Just finished an author business letter unit with 7th grade classes. I've always enjoyed the authentic nature of the business letter writing unit because we really mail the letters out. (Yes, some have received written responses along with free coupons, free tote bags, autographed photo, etc.)
The author letter is new for me: Students chose an author whose book they enjoyed reading this past year. They read several model author letters from a book I borrowed from colleague, studied the elements of a good author business letter, and crafted their own. (One additional resource was brainpop.com - schools can obtain free membership - instructional cartoon videos, many games, quizzes, fun!)
I'm very happy so far with the personal connections they made and expressed in these letters. For example, one girl wrote that the book inspired her and her friend to do something unconventional at school - wear dance costume (tutu skirts) over regular clothes - just for fun! Several described sharing the books with friends and siblings. One candid girl said, "I don't mean to be rude but I never heard of you before my grandmother gave me your book." Another connected the Holocaust information she learned from Maus to what her mother was currently studying in college.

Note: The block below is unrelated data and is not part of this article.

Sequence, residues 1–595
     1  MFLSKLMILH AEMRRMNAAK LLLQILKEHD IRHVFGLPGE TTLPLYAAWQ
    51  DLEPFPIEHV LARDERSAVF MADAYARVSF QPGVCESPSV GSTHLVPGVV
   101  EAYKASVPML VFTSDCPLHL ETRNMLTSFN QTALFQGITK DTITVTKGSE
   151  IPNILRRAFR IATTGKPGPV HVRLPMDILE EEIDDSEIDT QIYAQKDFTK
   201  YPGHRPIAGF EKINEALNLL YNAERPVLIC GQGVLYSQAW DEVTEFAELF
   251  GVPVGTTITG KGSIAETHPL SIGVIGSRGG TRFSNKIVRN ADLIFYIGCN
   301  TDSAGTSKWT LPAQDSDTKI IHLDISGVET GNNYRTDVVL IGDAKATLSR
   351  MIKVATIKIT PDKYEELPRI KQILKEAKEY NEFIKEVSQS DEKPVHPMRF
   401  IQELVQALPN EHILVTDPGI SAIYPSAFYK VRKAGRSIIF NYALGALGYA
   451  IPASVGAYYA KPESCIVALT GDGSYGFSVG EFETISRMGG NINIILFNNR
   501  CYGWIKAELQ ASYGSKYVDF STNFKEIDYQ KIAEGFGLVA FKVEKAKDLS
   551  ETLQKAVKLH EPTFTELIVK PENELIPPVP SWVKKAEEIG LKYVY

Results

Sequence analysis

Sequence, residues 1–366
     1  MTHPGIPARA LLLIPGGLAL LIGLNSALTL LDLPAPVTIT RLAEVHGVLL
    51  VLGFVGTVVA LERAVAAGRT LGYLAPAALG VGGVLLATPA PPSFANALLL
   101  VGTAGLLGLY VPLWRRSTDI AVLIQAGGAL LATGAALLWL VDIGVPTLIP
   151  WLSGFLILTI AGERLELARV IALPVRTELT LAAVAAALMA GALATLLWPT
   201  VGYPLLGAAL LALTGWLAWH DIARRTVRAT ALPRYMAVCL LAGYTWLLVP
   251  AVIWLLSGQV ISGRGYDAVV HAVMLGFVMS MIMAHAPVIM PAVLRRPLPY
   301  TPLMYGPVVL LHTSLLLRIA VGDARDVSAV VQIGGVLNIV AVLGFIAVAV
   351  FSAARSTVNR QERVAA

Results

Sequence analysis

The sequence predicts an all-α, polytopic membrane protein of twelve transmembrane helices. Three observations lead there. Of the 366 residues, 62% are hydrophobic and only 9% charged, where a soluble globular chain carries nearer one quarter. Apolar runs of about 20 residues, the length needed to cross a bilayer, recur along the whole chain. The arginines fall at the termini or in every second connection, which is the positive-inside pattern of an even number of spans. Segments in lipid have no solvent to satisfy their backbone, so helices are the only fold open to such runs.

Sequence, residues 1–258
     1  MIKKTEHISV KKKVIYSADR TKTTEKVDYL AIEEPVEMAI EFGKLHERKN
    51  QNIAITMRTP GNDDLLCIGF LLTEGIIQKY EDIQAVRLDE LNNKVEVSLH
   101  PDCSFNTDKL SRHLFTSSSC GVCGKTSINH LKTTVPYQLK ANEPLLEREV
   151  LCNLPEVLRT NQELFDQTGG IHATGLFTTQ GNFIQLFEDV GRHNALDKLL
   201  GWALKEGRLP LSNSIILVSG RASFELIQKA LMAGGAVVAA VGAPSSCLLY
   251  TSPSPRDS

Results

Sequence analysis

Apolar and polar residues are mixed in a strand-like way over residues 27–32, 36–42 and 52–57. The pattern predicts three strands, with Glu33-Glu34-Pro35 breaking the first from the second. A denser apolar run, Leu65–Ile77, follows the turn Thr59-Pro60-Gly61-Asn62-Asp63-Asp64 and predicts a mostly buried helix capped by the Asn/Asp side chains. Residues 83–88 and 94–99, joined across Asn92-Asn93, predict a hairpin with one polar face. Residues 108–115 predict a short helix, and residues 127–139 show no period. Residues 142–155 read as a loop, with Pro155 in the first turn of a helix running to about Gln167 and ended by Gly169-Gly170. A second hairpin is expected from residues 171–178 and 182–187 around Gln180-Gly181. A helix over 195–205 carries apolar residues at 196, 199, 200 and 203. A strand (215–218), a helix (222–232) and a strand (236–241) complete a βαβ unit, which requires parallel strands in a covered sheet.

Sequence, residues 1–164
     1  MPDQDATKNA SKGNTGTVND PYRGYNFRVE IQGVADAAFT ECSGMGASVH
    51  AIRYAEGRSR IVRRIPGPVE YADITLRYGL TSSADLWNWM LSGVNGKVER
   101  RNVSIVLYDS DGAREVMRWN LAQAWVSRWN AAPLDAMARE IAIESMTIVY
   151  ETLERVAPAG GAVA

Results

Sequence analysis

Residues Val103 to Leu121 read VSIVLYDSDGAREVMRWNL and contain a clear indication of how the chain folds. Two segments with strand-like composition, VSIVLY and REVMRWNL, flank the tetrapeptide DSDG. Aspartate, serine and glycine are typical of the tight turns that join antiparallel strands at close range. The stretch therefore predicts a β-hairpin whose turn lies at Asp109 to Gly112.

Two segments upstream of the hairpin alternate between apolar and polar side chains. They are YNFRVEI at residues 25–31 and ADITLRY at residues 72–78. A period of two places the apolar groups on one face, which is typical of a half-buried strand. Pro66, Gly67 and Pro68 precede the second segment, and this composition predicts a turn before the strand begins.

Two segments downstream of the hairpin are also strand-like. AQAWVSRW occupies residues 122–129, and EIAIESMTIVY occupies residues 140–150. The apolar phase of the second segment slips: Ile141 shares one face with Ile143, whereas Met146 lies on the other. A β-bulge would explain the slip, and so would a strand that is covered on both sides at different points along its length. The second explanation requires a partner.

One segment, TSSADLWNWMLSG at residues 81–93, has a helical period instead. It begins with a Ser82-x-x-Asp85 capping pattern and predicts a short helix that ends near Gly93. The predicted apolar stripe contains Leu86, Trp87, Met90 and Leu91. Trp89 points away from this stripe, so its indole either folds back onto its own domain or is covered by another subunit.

I've assigned several "reading letters" during the year, in which students wrote to ME about their independent reading books, connections, evaluations, etc. Overall I found their reading letters (to me) formal, generic, and just not that interesting. I think the authentic audience feature of these author letters pushed their thinking and writing to the next level (up)!